I didn’t watch his inauguration, but we must all keep an eye on Trump

There was never more of a need for good journalism than to hold this ‘man toddler’ to account, writes Alison O'Connor.
I didn’t watch his inauguration, but we must all keep an eye on Trump

I did not watch the inauguration of US president Donald Trump last Friday. Certain moments in history are better off not being observed in real time. This was one of those.

It wasn’t about denial; simply disgust at what was occurring. Despite skipping the ceremony, I did spend rest of the weekend glued to presidential-related events. By Monday, I had a severe dose of the Trump bends.

As New York Times columnist, Tom Friedman, put it so eloquently this week: “If you engage with Trump too much, too often, and too closely, he will actually suck your brains out”

So, he’s in now and all bets are off. The Trump miasma hit hard with facts, counter facts, and ‘alternative facts’.

Over those first 48 hours, I consumed top-quality journalism, ranging from ‘legacy’ media to news websites.

On Saturday, I watched the footage from all over the world of the women’s marches, especially from the one in Washington.

After the awfulness of the previous day, it was a sheer delight to witness such a show of international protest.

Only the Trump juggernaut could eclipse such an amazing, mass display of human spirit, as he almost did with his barmy speech to the CIA, in Langley, and the subsequent aggressive and bizarre performance of his press secretary, Sean Spicer, in the White House press room.

I looked to Twitter to reinforce my utter aghastness at the turn of events. It didn’t let me down. I’m not on Facebook, but, if I was, it would, no doubt, have been feeding me stories that match my liberal, anti-Trump bias.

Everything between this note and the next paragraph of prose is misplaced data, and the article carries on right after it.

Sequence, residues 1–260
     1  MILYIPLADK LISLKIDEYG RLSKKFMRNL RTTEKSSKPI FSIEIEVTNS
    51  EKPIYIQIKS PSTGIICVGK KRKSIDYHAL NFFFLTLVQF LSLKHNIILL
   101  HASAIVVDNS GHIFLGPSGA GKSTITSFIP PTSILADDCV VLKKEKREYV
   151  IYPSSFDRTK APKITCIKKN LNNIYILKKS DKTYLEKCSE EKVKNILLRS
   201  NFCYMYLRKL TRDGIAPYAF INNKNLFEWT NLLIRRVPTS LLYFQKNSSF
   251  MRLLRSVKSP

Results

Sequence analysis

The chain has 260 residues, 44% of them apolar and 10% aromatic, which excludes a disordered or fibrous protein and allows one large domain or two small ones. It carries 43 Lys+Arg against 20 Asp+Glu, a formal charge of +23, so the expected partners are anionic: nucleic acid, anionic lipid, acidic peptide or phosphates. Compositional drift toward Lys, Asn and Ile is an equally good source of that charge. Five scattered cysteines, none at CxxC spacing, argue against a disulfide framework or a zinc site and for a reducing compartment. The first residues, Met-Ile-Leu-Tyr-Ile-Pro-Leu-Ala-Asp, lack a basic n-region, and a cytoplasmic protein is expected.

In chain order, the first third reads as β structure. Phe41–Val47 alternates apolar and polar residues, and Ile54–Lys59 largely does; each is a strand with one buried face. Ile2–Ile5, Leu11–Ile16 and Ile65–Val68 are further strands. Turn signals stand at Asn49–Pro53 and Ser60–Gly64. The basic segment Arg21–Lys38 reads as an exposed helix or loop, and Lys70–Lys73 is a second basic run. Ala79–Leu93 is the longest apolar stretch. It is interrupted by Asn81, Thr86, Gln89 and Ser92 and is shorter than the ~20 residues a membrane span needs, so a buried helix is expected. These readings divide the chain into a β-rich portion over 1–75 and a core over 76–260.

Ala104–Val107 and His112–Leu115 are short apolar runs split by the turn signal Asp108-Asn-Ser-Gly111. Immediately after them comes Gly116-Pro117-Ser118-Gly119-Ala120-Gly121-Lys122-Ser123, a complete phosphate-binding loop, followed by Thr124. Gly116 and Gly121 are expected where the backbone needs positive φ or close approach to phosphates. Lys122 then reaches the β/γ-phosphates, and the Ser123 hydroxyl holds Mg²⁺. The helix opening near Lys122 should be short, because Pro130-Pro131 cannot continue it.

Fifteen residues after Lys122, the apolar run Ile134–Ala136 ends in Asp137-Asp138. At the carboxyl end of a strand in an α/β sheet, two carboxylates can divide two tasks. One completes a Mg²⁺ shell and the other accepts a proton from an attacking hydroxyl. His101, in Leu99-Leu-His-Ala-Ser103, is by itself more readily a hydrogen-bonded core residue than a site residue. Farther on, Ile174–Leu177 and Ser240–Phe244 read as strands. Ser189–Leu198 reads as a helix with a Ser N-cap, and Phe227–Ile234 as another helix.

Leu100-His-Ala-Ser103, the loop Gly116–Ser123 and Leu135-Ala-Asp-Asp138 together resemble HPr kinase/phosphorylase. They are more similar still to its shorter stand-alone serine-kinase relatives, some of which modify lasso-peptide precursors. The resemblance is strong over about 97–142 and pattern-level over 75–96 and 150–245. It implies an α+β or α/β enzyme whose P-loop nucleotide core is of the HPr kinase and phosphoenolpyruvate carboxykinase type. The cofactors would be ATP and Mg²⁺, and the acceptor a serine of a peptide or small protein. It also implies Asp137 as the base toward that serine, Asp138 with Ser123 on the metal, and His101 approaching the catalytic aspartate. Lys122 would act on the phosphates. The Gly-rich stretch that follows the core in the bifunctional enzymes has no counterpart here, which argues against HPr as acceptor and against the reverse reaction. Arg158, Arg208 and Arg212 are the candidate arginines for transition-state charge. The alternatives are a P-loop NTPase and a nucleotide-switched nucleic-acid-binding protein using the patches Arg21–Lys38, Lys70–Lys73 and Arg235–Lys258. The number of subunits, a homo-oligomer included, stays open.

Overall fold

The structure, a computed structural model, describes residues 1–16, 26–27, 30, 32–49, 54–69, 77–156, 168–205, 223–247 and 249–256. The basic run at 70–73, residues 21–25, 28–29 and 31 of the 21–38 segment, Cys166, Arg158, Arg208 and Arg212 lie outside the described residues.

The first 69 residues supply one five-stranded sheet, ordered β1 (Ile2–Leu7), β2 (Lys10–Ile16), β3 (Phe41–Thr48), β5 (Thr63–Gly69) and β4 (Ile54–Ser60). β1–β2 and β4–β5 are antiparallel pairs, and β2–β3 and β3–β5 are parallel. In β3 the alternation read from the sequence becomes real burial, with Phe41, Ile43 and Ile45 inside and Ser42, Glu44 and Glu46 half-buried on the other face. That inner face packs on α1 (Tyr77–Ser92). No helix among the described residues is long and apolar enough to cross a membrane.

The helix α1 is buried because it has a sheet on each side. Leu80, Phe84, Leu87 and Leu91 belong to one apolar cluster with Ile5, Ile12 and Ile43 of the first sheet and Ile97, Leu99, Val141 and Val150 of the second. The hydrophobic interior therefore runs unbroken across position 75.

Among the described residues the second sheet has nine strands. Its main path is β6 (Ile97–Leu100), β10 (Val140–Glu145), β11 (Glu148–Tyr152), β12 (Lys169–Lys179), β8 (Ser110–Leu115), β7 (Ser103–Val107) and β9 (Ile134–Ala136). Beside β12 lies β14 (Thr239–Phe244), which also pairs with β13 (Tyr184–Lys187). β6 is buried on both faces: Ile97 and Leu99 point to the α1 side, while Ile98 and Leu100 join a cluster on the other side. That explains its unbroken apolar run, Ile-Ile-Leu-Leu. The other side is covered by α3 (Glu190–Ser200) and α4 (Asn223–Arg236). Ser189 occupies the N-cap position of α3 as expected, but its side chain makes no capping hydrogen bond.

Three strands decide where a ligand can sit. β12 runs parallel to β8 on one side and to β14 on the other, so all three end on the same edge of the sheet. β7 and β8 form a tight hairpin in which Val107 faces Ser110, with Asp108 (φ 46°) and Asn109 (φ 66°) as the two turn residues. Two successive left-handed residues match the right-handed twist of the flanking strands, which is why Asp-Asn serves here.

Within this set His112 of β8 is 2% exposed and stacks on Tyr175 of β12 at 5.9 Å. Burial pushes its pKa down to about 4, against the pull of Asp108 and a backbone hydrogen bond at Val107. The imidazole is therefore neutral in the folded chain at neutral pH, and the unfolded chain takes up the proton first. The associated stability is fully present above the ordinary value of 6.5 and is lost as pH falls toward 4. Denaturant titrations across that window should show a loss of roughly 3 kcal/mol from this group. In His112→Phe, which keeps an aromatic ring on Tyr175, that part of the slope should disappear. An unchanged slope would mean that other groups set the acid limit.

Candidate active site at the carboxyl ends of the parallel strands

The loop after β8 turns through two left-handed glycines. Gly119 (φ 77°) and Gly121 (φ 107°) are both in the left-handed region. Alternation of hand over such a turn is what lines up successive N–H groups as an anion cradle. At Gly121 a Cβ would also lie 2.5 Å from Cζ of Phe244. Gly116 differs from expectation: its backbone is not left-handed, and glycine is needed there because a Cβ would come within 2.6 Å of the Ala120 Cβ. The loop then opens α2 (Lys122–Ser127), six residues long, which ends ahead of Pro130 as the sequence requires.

On occasion, I did look at Fox News, to see the down-playing of the numbers on Saturday’s marches or the playing-up of the numbers at the inauguration.

Casting the net wider, to those pro-Trump, conservative US news sites, the contrast was altogether sharper and showed the ever-widening gap between those for and against the man who has just entered the White House for the next four years.

Looking at the US from the outside in, we see an already polarised society with an ever-dwindling middle ground. It is difficult to feel anything other than despair at the scenario.

Politifact, the respected fact-checking website, awarded Spicer a ‘Pants on Fire’ label for his assertions regarding the size of the crowd at the inauguration in Washington.

However, a quick trawl through those sites popular with pro-Trump Facebook users told an altogether different story.

According to their take, Spicer: “Completely destroys dumb lib reporters for running fake news” or that Spicer and Trump had “called out the dishonest media” or the “shameful” media and it was no wonder the mainstream media would now have their access restricted by the White House, because of their fake news smears. Talk about parallel universes.

On the one hand, the internet made possible the magnificent marches which took place on Saturday — they received relatively little mainstream media attention in the run-up, and the word was spread mainly online.

But the internet is also responsible for the spread of the fake news, which was so instrumental to the Trump campaign. Remember that extraordinary fake news story that Hillary Clinton was running a child sex ring out of a pizza restaurant?